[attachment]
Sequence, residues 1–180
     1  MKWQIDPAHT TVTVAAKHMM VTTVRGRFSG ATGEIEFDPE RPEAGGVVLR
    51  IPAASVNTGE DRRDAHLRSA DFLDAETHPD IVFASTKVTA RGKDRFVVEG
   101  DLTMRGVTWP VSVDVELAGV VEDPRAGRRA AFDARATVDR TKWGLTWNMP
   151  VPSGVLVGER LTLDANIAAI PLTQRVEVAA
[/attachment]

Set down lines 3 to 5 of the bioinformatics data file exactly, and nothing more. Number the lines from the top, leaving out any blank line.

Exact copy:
    51  IPAASVNTGE DRRDAHLRSA DFLDAETHPD IVFASTKVTA RGKDRFVVEG
   101  DLTMRGVTWP VSVDVELAGV VEDPRAGRRA AFDARATVDR TKWGLTWNMP
   151  VPSGVLVGER LTLDANIAAI PLTQRVEVAA